SpaceX has completed their second launch in less than four days, and the company’s 14th Cargo Dragon mission has successfully made it to a safe parking orbit where it will make its way to the International Space Station over the next two days.
Carrying nearly 5,800 pounds of perishables, experiments, and scientific equipment to be bolted to the outside of the ISS, this particular Cargo Dragon flew once before in 2016, while the booster that lifted it above Earth’s thin atmosphere was tasked with launching CRS-12 in August 2017. According to Jessica Jensen, SpaceX’s Director of Dragon Mission Management, this particularly Dragon capsule was the first to fly with upgraded water sealing, meaning that it was considerably easier (and thus cheaper) for SpaceX to refurbish and refly. The only items that had to be replaced this time around were the heatshield, trunk, and parachutes, and this experience will undoubtedly translate into Dragon 2 (Cargo Dragon), likely ensuring exceptional reuse characteristics for that the company’s next-gen capsule.
Sadly, CRS-14’s doubly flight-proven launch also marked yet another expended booster – B1039 happened to be the first Block 4 version of Falcon 9’s stage to fly a mission. Jensen described that SpaceX – accustomed to making these decisions on a case-by-case basis – had chosen to expend this particular booster after concluding that the benefits of testing extreme booster trajectories and recovery profiles outweighed the difficulty (and cost) of refurbishing a Block 4 booster for a third launch. In this case, B1039 would have been the best option if SpaceX had any desire to fly a booster more than twice before the introduction of the purpose-driven, next-generation Block 5 reusability upgrade – Block 4 was clearly not built to fly more than twice without an uneconomical amount of refurbishment.
The second liftoff of this Falcon 9 booster and Dragon is on its way to the International Space Station! @Space_Station your item is on the way! #spacex #Falcon9 #dragon #CRS14 pic.twitter.com/z4BKJ7zEnS
— TomCross (@_TomCross_) April 2, 2018
While no specific details were given and live coverage shown of the soft-landing, it’s presumed that B1039 continued in the footsteps of water landings that followed GovSat-1 and Hispasat 30W-6 in January 2018 and March 2018. These uniquely aggressive landing attempts are all believed to have ignited three Merlin 1D engines rather than the single engine typically ignited for landing burns, providing a more efficient use of propellant reserves at the cost of extreme acceleration (G) forces and far slimmer margins of error. The ultimate promise of these tests, if successful, is to allow SpaceX the option of recovering boosters during missions with heavier payloads and higher orbits.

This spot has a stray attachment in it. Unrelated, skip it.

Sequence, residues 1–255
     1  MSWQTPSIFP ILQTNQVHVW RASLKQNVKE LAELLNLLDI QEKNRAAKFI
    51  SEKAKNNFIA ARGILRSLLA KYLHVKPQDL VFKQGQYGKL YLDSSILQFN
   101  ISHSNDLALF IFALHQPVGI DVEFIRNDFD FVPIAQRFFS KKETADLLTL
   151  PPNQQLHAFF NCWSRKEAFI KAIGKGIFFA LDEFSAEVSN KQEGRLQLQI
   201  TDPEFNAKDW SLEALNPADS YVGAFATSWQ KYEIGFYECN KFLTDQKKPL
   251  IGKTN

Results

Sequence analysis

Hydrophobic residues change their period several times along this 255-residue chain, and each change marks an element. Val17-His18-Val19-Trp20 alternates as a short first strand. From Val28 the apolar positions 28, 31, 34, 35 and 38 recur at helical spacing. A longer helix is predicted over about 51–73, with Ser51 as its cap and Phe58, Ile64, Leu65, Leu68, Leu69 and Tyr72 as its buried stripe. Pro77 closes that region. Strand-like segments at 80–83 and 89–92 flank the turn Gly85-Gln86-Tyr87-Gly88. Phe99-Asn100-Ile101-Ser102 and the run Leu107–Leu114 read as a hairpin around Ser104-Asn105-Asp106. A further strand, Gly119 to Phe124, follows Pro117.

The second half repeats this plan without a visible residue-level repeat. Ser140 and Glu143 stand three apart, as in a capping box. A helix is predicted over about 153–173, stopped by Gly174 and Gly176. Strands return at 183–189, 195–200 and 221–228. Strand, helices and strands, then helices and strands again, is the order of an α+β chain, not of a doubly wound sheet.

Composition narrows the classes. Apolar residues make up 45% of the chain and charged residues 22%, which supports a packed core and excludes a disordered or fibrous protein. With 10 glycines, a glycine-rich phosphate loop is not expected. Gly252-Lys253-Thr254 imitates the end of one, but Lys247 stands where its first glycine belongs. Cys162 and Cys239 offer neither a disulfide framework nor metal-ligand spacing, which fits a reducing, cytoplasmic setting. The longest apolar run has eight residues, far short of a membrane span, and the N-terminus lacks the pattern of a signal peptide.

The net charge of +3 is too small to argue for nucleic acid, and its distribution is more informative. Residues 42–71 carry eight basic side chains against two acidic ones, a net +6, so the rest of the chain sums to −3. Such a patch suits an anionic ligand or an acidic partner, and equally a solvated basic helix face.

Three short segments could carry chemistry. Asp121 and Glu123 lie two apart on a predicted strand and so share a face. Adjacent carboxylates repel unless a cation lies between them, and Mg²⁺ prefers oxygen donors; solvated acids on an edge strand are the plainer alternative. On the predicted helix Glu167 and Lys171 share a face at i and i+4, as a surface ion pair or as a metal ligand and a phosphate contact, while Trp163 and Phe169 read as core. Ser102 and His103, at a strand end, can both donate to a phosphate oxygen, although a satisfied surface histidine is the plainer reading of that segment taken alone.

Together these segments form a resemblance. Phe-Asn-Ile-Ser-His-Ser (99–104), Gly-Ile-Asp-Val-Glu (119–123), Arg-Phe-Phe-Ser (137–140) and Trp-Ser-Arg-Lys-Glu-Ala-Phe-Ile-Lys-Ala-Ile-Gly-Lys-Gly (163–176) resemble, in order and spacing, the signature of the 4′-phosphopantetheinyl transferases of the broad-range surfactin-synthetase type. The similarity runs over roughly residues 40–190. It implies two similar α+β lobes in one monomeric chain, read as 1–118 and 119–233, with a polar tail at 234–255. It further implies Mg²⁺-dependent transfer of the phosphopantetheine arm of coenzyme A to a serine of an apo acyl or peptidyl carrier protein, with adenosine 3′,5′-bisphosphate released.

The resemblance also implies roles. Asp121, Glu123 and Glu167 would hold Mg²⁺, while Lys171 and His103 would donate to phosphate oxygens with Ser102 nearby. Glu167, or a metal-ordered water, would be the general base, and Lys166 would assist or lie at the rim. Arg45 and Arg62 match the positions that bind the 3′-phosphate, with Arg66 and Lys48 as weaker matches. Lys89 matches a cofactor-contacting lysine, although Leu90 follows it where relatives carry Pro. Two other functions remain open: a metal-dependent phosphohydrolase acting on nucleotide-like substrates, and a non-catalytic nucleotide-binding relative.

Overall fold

The imminent NET April 24 inaugural launch of SpaceX’s rapid reuse Falcon 9 “Block 5” will mark the beginning of a new era of rocketry for SpaceX, where expendable missions are likely to become a rarity. Expending a single Block 5 booster could fairly be perceived as throwing away the potential revenue and income from anywhere from 5-100 future re-flights. As such, SpaceX has every reason to expend non-Block 5 boosters with the hope of ensuring that fewer new-generation rockets end up expended after launch.
This rocket was meant to test very high retrothrust landing in water so it didn’t hurt the droneship, but amazingly it has survived. We will try to tow it back to shore. pic.twitter.com/hipmgdnq16
— Elon Musk (@elonmusk) January 31, 2018
Intriguingly, Jensen also noted in a prelaunch briefing that SpaceX’s Cargo Dragons are certified for as many as three orbital reuses – a possibility as SpaceX steps towards completing all 20 of its contracted CRS-1 missions, the final five of which are scheduled to resupply the ISS between now and early 2020. After the final CRS-1 launch, NASA has already awarded SpaceX and Orbital ATK contracts for CRS-2, a second Commercial Resupply Services contract that will begin in 2020 and fly on OATK’s upgraded Cygnus and SpaceX Dragon 2, potentially repurposing recovered Crew capsules in the case of SpaceX.
Up next on the SpaceX calendar are a number of conferences and presentations over the next two or three weeks, followed by SpaceX NASA TESS mission on April 16 and the debut of Falcon 9 Block 5 for the launch of Bangabandhu-1, April 24. SES-12 may be launched sometime in early May or late April, and the next West coast launch of Iridium-6/GRACE-FO is expected to occur NET May 10.
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Tom Cross – Twitter
Pauline Acalin – Twitter
Eric Ralph – Twitter